According to VTsIOM, the state-owned pollster, over 80%
of Russians are aware of the series, with eight out of 10 who watched the series (82%) against its being banned.
The Tatar-language song “Piyala” by the hip-hop duo Aigel, which is featured in the series soundtrack, topped
Shazam’s worldwide chart. The soundtrack was not in the credits, even though it appeared in almost every episode, most likely because Aigel has spoken out against the war in Ukraine and left Russia. The series has also generated interest in the Tatar language. Following the show’s release, a petition on Change.org called
for Tatar to be added toDuolingo.
Interestingly, Slovo Patsana
became very popular in Ukraine. Spain’s El Pais wrote
that it had “rocked Ukrainian society” and reported that “it was the most viewed series on the internet in Ukraine.”
Ukraine’s Ministry of Culture released
a statement equating the series with hostile propaganda on behalf of the enemy.
“In the Ukrainian online space, especially among teenagers, a Russian-produced series that directly promotes violence, crime and an aesthetic characteristic of the aggressor country is spreading. It contains hostile propaganda, the dissemination of which in Ukraine during wartime is considered unacceptable,” the statement read.
According to BBC Russia
, many in Ukraine are outraged that “at the height of the war with Russia… young people could watch a Russia-made series” and are “demanding that Ukraine’s Security Service ban the series.” But such a ban would be pointless, as Ukrainians watch Russian productions mostly through already-illegal pirate streaming platforms.
Russian journalist Mikhail Shevchuk called Slovo Patsana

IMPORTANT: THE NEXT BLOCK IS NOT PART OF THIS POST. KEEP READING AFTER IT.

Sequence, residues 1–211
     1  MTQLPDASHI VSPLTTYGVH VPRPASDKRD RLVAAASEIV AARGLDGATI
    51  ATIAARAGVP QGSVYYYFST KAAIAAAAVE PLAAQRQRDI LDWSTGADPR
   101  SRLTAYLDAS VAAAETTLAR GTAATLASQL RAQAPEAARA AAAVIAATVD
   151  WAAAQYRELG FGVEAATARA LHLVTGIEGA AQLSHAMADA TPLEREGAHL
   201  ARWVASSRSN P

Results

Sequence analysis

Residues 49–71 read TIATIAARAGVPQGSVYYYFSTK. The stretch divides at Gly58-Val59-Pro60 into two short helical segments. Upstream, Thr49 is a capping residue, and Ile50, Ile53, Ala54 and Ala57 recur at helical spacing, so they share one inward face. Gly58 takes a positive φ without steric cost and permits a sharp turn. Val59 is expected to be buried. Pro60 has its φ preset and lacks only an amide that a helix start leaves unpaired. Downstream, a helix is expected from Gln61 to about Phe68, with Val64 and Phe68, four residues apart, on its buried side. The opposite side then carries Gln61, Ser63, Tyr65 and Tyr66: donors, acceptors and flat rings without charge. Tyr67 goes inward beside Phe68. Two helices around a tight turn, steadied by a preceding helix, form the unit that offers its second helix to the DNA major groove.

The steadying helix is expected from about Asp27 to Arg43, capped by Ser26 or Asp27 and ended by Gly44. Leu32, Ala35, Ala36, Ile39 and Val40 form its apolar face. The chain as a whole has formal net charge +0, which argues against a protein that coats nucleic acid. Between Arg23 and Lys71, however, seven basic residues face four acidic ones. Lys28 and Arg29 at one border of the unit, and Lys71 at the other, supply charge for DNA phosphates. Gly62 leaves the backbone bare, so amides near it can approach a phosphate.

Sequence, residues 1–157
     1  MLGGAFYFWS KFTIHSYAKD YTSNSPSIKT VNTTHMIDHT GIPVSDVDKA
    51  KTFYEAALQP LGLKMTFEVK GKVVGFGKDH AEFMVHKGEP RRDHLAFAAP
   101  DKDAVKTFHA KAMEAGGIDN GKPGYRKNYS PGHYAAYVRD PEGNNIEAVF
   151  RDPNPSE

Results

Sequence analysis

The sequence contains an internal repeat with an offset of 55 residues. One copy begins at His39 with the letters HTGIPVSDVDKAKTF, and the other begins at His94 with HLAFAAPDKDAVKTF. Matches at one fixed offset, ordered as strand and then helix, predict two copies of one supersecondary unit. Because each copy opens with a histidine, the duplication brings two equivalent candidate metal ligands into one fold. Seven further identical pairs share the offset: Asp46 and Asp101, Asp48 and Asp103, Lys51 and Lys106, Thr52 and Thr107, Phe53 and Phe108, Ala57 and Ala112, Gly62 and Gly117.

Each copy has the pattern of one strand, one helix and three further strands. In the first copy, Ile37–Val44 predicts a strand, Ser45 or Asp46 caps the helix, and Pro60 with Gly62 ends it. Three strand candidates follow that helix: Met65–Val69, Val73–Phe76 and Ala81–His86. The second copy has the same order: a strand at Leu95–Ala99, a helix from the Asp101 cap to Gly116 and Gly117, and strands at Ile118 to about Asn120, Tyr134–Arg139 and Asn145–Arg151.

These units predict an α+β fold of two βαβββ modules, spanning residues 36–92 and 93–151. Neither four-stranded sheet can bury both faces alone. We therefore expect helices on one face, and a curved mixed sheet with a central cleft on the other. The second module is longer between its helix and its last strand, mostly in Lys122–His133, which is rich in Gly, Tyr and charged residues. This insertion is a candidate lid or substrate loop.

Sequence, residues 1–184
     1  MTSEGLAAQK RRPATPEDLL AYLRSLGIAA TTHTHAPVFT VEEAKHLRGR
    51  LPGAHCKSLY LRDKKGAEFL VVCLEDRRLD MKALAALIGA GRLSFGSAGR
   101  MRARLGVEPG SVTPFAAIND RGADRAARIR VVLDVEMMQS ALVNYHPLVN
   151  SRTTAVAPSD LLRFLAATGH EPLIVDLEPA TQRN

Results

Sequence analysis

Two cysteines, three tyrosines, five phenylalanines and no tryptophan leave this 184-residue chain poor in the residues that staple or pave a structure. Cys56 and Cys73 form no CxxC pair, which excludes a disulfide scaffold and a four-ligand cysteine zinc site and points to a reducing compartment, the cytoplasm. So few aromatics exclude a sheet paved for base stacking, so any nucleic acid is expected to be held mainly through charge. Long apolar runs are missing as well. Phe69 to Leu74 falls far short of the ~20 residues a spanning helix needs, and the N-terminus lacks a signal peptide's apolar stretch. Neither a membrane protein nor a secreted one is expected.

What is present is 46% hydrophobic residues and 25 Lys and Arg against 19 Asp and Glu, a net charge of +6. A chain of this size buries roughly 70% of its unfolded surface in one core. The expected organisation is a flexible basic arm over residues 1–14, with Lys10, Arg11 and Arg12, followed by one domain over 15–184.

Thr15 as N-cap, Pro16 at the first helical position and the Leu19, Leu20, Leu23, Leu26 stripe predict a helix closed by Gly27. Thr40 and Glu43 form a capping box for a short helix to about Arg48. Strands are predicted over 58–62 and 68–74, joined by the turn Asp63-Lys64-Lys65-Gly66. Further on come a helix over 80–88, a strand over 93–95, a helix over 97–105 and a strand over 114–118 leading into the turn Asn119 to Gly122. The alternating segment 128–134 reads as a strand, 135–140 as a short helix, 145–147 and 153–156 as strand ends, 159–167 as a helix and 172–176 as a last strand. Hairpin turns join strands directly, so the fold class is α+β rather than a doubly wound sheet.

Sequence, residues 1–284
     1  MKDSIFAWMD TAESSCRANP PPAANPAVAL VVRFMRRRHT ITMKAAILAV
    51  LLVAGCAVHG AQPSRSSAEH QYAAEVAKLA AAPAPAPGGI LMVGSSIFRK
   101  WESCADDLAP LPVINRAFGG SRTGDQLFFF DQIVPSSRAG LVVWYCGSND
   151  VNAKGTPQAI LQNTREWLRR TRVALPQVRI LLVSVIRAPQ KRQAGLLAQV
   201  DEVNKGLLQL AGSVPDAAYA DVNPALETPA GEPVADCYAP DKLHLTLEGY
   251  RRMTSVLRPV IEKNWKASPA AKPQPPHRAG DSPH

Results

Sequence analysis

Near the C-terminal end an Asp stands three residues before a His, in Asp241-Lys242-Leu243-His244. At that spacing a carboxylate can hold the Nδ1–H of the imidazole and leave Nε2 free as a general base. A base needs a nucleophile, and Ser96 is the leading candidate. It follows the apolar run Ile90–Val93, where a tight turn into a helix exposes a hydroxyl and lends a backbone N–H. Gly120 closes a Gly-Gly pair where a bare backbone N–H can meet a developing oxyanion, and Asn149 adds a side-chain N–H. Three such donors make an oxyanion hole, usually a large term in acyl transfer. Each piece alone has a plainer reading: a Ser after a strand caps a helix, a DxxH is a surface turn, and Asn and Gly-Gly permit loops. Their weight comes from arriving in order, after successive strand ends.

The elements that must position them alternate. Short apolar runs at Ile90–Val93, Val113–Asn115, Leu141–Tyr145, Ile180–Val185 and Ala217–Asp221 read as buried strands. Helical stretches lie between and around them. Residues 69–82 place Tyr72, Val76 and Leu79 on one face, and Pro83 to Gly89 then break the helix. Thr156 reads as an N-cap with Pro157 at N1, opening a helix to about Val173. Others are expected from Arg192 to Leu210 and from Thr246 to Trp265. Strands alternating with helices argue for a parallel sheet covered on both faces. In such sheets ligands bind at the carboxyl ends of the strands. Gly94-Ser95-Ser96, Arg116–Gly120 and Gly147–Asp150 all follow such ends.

one of the most significant cultural phenomena in many years. In his view, the story has a strong political backdrop and can be deemed “anti-Soviet.” Shevchuk said that those accusing Slovo Patsana
of romanticizing violence were simply “seeing themselves in the mirror.”
“In these days when the country’s leadership is persistently trying to restore the empire and seriously indoctrinate schoolchildren for that purpose, someone has taken the initiative to show those same schoolchildren what the empire actually looked like from the inside,” said Shevchuk.
He added that the series clearly demonstrated that “by the end of its existence, the USSR itself had become genuinely anti-Soviet.”
ruthlessly narrates the disintegration of the social fabric of the USSR – the state could no longer protect or feed the people, and the people ceased to respect the state,” according to Shevchuk.
Yuri Saprykin, a subtle culture critic, praised
the series, dubbing it truly “grassroots,” owing to the fact that it was not aired on television and gained popularity because people from various social backgrounds and ages recommended it to one another.
“It is watched by children, by adults who remember those times and by adults who do not remember them. It is watched by… intellectuals and just your regular series audience. It somehow captivates everyone… that almost never happens,” said Saprykin.Slovo Patsana
“is universal, as it speaks about simple things everyone understands, such as friendship, betrayal, revenge and justice,” Saprykin writes. He adds: “it is too bad that it cannot be marketed on Netflix to see whether it would have international success. I think it would be highly successful, just as Spanish and Israeli series that have lately become global hits.”
Indeed, it was really hard to miss Slovo Patsana
, especially online. The hashtag #словопацана (“slovo patsana”) has hit
11.3 billion views on TikTok. Social media is also buzzing with videos from parties where people are
dancing to the 1980s hits featured in the series, rediscovering the dances from that era.
The slang from that time is also making a comeback. For example, the term “chushpan,” meaning “an outsider,” someone not involved in the gangs, has become popular again. After watching the series, a family from Kazan even named
their newborn son Chushpan.
Lots of families watched Slovo Patsana
together. Parents could reminisce about their youth with their kids, and teens shared
these stories online. Some videos
show how hooked on the show parents became.
Saprykin believes that Slovo Patsana
will go down in history as a cultural phenomenon. He said he can imagine anniversary screenings of the series in cinemas 20 years from now.